Yesterday we considered the teaching of Père Chenu that spirituality can be understood as “our true nobility.” How meditating on that can be good medicine in a time of wars like our current times.

A chaplain speaks at a service for “Prisons Week” in 2022. Photo by Methodist Central Hall on Flickr.

An important lesson in nobility occurred to me a number of years ago, shortly after my book on men and spirituality came out. I was lecturing at a conference on Earth and Spirit in Santa Fe, and after my talk a very dignified and unusually elegantly dressed man approached me. He was about 6’6”, had long white hair, and was wearing all black, including black tails. 

He introduced himself as a Native American chaplain working in prisons for the last 12 years. He told me this story: He said:

Man behind prison bars. Photo by Harry Shelton on Unsplash.

Men in prison do not want to look inside. They are busy projecting onto others, and for a long time I have been looking for a book that they would read, that would get them to look inside. Your book on The Hidden Spirituality of Men was the first I ever found that got them to look and find the nobility inside.

That phrase, “the nobility inside,” struck me so deeply and has stayed with me all these years. When I recently discovered Chenu’s definition of spirituality as “our true nobility” I easily connect the two. 

When we are wounded or abused, is that when we first lose touch with the nobility inside? When others do not treat us as noble, is that when we begin to forget the nobility inside? How many men are in prison because they lost touch with that nobility inside and thus lashed out at others?

Trump’s niece Mary describes his lack of nobility, and how it has infected his followers. Video by MSNBC. 

Did Donald Trump ever learn about the nobility inside him? And his many followers?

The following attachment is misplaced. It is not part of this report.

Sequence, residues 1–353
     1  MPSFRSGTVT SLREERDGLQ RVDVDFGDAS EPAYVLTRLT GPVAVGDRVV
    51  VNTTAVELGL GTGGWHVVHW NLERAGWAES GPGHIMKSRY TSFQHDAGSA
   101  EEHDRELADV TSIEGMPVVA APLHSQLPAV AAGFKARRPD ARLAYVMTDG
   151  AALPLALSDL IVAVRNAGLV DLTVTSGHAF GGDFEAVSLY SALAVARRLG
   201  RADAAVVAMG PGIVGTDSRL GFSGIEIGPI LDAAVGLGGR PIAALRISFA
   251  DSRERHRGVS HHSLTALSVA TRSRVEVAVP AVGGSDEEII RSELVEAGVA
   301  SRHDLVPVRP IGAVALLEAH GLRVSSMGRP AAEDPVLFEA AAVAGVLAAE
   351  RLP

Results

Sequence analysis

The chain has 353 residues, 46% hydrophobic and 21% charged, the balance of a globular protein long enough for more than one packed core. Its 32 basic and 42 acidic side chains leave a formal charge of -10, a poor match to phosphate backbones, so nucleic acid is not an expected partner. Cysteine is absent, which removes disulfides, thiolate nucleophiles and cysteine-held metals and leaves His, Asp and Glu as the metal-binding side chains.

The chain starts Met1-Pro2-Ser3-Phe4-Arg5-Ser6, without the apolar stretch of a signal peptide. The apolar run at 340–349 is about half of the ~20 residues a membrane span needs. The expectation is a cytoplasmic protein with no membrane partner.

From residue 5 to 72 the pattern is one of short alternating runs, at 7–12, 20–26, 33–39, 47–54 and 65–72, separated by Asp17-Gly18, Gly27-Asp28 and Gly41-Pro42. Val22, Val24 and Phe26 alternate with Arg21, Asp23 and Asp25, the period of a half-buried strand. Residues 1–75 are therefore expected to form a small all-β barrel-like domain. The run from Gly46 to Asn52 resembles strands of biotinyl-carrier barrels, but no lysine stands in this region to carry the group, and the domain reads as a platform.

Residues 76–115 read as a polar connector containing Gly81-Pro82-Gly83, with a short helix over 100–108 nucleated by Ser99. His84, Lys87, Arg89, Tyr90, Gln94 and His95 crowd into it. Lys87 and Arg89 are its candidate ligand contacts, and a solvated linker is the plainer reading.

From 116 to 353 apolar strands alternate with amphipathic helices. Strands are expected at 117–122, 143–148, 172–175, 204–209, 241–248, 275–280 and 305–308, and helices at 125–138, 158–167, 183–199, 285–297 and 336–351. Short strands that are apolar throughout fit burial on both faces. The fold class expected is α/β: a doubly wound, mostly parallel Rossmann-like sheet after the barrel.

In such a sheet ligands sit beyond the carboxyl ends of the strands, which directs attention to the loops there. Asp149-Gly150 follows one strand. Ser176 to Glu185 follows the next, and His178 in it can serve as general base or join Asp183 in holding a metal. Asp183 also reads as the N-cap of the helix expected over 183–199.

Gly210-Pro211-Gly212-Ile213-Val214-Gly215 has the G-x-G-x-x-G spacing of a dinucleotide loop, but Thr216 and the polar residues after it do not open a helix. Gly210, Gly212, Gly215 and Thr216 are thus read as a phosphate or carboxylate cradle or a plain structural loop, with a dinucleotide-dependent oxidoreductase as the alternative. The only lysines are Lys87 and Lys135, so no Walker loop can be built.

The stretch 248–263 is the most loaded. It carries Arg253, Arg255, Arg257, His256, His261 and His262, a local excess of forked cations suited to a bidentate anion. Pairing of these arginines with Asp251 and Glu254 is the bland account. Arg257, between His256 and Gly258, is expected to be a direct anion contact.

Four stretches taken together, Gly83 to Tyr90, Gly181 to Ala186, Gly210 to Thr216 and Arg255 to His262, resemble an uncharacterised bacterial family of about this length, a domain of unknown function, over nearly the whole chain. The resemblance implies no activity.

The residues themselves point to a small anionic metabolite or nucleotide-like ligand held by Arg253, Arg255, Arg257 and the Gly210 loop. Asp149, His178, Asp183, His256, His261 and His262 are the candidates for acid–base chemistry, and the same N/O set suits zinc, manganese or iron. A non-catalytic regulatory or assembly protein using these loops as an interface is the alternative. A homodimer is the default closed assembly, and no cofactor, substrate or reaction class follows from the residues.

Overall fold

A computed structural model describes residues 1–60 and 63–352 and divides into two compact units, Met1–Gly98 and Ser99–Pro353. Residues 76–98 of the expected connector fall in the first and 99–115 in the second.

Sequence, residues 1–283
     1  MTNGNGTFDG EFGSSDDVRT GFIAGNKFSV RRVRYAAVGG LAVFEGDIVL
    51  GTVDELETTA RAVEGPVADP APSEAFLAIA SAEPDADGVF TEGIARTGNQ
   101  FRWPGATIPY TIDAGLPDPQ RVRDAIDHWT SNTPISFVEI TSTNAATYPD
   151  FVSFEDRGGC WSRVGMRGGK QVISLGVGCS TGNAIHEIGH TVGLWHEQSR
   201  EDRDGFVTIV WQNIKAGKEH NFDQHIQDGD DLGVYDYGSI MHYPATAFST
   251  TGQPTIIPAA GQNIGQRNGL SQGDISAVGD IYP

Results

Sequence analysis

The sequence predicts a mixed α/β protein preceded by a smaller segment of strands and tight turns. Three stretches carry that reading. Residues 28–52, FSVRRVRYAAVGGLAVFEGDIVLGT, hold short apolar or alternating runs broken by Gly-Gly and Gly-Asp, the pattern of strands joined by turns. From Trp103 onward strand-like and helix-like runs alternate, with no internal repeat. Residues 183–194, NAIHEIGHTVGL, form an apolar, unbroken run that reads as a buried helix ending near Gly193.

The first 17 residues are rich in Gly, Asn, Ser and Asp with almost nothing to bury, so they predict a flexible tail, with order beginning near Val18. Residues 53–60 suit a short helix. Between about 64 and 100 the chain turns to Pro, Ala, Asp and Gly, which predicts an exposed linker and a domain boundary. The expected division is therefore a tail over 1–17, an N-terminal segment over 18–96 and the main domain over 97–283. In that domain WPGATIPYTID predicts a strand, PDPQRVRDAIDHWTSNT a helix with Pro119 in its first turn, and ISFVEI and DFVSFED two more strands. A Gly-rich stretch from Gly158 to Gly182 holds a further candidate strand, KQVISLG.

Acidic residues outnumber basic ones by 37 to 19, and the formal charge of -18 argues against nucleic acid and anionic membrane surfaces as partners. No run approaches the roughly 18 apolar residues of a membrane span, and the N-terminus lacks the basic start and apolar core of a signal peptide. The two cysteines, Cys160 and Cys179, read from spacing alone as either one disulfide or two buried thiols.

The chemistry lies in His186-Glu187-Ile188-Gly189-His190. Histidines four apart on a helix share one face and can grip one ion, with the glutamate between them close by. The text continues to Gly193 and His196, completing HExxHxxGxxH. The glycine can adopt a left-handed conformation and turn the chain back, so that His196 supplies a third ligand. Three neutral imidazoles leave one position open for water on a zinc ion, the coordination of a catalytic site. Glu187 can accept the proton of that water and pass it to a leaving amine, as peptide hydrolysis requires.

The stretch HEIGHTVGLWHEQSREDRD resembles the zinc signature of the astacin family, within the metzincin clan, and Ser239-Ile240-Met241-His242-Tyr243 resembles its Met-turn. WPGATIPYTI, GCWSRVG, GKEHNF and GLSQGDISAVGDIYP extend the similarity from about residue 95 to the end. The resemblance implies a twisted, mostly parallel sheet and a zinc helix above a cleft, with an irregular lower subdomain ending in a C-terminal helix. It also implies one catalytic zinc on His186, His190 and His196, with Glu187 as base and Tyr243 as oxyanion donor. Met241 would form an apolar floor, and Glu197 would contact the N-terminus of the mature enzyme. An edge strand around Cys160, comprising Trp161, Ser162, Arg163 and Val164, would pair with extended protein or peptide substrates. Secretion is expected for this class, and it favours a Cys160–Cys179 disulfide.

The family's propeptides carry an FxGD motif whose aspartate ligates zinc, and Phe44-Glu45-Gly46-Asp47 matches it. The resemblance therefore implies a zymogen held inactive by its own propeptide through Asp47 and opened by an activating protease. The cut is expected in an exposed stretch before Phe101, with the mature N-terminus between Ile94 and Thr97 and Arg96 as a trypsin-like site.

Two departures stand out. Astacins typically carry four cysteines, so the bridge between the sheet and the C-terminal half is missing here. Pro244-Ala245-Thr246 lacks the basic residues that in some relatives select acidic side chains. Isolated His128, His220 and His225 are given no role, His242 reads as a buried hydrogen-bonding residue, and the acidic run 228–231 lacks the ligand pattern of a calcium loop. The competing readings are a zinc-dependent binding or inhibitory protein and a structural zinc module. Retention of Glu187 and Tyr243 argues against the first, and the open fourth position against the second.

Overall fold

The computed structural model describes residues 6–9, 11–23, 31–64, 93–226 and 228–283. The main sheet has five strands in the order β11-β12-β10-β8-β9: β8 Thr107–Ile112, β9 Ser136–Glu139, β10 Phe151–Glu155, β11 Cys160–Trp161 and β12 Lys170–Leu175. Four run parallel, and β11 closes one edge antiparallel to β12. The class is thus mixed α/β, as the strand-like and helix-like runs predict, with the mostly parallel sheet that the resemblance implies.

All kinds of questions come to mind when I meditate on that rich phrase from the Native American prison chaplain: The nobility inside.  

To be continued.


Adapted from Matthew Fox, Confessions: The Making of a Post-Denominational Priest, pp. 417-420.

And Fox, The Hidden Spirituality of Men: Ten Metaphors to Awaken the Sacred Masculine.

And Fox, “Meister Eckhart and Karl Marx: The Mystic as Political Theologian,” in Fox, Wrestling with the Prophets, pp. 165-198.

To read the transcript of Matthew Fox’s video teaching, click HERE

Banner Image: Chiefs march in a 2005 Powwow at the MCI Center. Photo by Walter Larrimore for the Smithsonian Institution. Wikimedia Commons.



Queries for Contemplation

Are we busy exploring the nobility inside? How do you find the nobility inside you? And inside others? And how do you help bring it out of others? And yourself?


Recommended Reading

Confessions: The Making of a Post-Denominational Priest (Revised/Updated Edition)

Matthew Fox’s stirring autobiography, Confessions, reveals his personal, intellectual, and spiritual journey from altar boy, to Dominican priest, to his eventual break with the Vatican. Five new chapters in this revised and updated edition bring added perspective in light of the author’s continued journey, and his reflections on the current changes taking place in church, society and the environment.
“The unfolding story of this irrepressible spiritual revolutionary enlivens the mind and emboldens the heart — must reading for anyone interested in courage, creativity, and the future of religion.”
—Joanna Macy, author of World as Lover, World as Self

The Hidden Spirituality of Men: Ten Metaphors to Awaken the Sacred Masculine

To awaken what Fox calls “the sacred masculine,” he unearths ten metaphors, or archetypes, ranging from the Green Man, an ancient pagan symbol of our fundamental relationship with nature,  to the Spiritual Warrior….These timeless archetypes can inspire men to pursue their higher calling to connect to their deepest selves and to reinvent the world.